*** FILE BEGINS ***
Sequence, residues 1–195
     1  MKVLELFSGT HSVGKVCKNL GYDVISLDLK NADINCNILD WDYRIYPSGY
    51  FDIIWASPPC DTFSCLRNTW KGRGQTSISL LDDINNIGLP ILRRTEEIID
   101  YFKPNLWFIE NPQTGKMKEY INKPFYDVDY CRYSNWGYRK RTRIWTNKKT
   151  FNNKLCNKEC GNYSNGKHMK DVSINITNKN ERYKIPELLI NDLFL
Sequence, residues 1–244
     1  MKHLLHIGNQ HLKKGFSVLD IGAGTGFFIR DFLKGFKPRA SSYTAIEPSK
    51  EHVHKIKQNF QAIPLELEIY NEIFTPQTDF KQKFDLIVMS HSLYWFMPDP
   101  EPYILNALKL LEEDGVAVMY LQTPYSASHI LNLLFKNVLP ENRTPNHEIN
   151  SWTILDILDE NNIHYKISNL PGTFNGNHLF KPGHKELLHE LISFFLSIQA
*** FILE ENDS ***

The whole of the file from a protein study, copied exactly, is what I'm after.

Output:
Sequence, residues 1–195
     1  MKVLELFSGT HSVGKVCKNL GYDVISLDLK NADINCNILD WDYRIYPSGY
    51  FDIIWASPPC DTFSCLRNTW KGRGQTSISL LDDINNIGLP ILRRTEEIID
   101  YFKPNLWFIE NPQTGKMKEY INKPFYDVDY CRYSNWGYRK RTRIWTNKKT
   151  FNNKLCNKEC GNYSNGKHMK DVSINITNKN ERYKIPELLI NDLFL
Sequence, residues 1–244
     1  MKHLLHIGNQ HLKKGFSVLD IGAGTGFFIR DFLKGFKPRA SSYTAIEPSK
    51  EHVHKIKQNF QAIPLELEIY NEIFTPQTDF KQKFDLIVMS HSLYWFMPDP
   101  EPYILNALKL LEEDGVAVMY LQTPYSASHI LNLLFKNVLP ENRTPNHEIN
   151  SWTILDILDE NNIHYKISNL PGTFNGNHLF KPGHKELLHE LISFFLSIQA